January 1, 1970
    "You were supposed to be safe in Mallard—that strange, separate town—hidden amongst your own. But even here, where nobody married dark, you were still colored and that meant that white men could kill you for refusing to die. The Vignes twins were reminders of this, tiny girls in funeral dresses who grew up without a daddy because white men decided it would be so."The minute Brit Bennett’s The Vanishing Half arrived at my doorstep, I tore it open immediately. After nursing a headache on kombucha "You were supposed to be safe in Mallard—that strange, separate town—hidden amongst your own. But even here, where nobody married dark, you were still colored and that meant that white men could kill you for refusing to die. The Vignes twins were reminders of this, tiny girls in funeral dresses who grew up without a daddy because white men decided it would be so."The minute Brit Bennett’s The Vanishing Half arrived at my doorstep, I tore it open immediately. After nursing a headache on kombucha and Celer music for hours at a cafe, I’d already leafed through the first hundred pages by night’s end. I was completely rapt by this heartbreaking story, one of identical twin sisters bell-jarred in their all-mulatto southern town of Mallard. Then one night, they plot to flee Mallard forever — its racial terrorism, its demeaning domestic work, and its blood-soaked history an ever-looming echo, an itch of who they’ll always be — until a fork in the road leads them down two life-changing trajectories. Fourteen years pass before the eldest sister, Desiree, returns home with a daughter darker than anyone in Mallard has ever seen, whereas Stella has betrayed her real life for one of whiteness. Like the blood that binds them, their paths cross in unbelievable ways, leading up to a call to arms that will bring any reader to their knees.Abound with characters at the mercy of race, class, trauma, and identity, The Vanishing Half is a riveting, slow-burning novel about the infinite ways one dreams of rewriting their life by erasing their past. With it, Bennett has spun a tantalizing novel that is truly larger than itself, a love letter to Black people battling the eternal war of unconditional self-love in the face of whiteness. This was my first time reading Bennett, but it will not be my last. Her approach to character development and storytelling is something masterful — her landscapes as vast and vivid as the eye can see. The range with which she challenges racism, self-hatred, gender, identity, passing, and colorism, is so well done, so well-considered and realized. Front to back, this was an honorable, full-bodied story — an essential read the world has been waiting for.(Thank you, Riverhead Books friends, for sending me this book in exchange for an honest review!)If you liked my review, feel free to follow me @parisperusing on Instagram.
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  • BookOfCinz
    January 1, 1970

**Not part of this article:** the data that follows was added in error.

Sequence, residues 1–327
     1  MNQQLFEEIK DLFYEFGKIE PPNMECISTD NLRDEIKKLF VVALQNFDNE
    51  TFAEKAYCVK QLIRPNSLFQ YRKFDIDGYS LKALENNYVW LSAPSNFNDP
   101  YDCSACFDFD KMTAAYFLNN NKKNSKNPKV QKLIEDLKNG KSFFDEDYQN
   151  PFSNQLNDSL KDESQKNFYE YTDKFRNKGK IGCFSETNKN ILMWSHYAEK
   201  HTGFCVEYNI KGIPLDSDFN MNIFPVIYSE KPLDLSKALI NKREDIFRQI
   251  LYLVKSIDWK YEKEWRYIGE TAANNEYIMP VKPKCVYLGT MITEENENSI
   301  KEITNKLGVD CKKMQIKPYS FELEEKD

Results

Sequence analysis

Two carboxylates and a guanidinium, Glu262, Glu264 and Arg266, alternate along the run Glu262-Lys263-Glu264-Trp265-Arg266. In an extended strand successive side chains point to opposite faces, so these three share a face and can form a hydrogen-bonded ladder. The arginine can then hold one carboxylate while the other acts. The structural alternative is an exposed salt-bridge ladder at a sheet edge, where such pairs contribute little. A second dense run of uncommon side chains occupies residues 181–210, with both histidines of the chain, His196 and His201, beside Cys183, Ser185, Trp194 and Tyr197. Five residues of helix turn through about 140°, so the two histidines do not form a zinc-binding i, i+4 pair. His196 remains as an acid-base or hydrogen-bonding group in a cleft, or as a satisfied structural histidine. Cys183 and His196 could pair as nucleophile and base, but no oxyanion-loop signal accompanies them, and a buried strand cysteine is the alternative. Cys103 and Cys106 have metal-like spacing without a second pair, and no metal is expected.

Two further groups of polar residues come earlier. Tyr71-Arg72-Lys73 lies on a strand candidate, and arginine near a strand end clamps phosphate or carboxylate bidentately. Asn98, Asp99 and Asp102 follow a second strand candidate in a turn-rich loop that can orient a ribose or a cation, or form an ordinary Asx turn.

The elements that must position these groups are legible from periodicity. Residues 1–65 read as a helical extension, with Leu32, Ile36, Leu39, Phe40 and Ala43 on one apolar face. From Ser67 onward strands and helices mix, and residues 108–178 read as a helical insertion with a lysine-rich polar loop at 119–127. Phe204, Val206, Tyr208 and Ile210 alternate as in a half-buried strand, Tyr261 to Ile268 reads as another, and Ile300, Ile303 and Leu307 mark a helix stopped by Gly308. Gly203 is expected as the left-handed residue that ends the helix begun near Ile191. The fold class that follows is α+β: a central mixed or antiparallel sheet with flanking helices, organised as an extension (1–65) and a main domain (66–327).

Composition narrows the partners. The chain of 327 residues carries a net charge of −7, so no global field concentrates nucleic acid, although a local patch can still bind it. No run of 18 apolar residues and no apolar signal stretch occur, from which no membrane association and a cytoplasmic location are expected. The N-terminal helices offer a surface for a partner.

A masterpiece that deserves to be read....at least twice! In Brit Bennett's second novel The Vanishing Half we meet Stella and Desiree, twin sisters growing up in a black Southern community during the 1960s. Desiree longs to leave the very close knit community-at 16, this is her biggest dream but she will not leave without her sister Stella. When Stella final agrees to take the plunge and run away, they do so and both sisters end up in New Orleans looking to start from scratch and start a new A masterpiece that deserves to be read....at least twice! In Brit Bennett's second novel The Vanishing Half we meet Stella and Desiree, twin sisters growing up in a black Southern community during the 1960s. Desiree longs to leave the very close knit community-at 16, this is her biggest dream but she will not leave without her sister Stella. When Stella final agrees to take the plunge and run away, they do so and both sisters end up in New Orleans looking to start from scratch and start a new life.Things are harder then they thought, will little to no money one sister is forced to take a risk and the other is left wondering how things changed so fast. In the end, one sister made a life passing for white and the other sister after a hard relationship returns to the community with her daughter in tow. A generational tale that spans forty years and converges when the twin sister daughters', through fate meet. Brit Bennett took her time to write such an intoxicating book. I could not stay away from the book and I found myself walking around with it just to get brief moments to read. I wanted to inhale the book but I also wanted to never end- it was THAT good. The storyline was strong and convincing you felt like you knew the characters and you become so attached to them and their lives. The pacing kept you hooked and I had to remind myself to exhale because I just had to know exactly what happened. I was a little nervous because of how the structure was- many different voices and POVs but each was so unique and convincing and I could not get enough of it. I know we are only in February 2020 but this is already a favorite for me. I want everyone to read this book so we can gush about it together!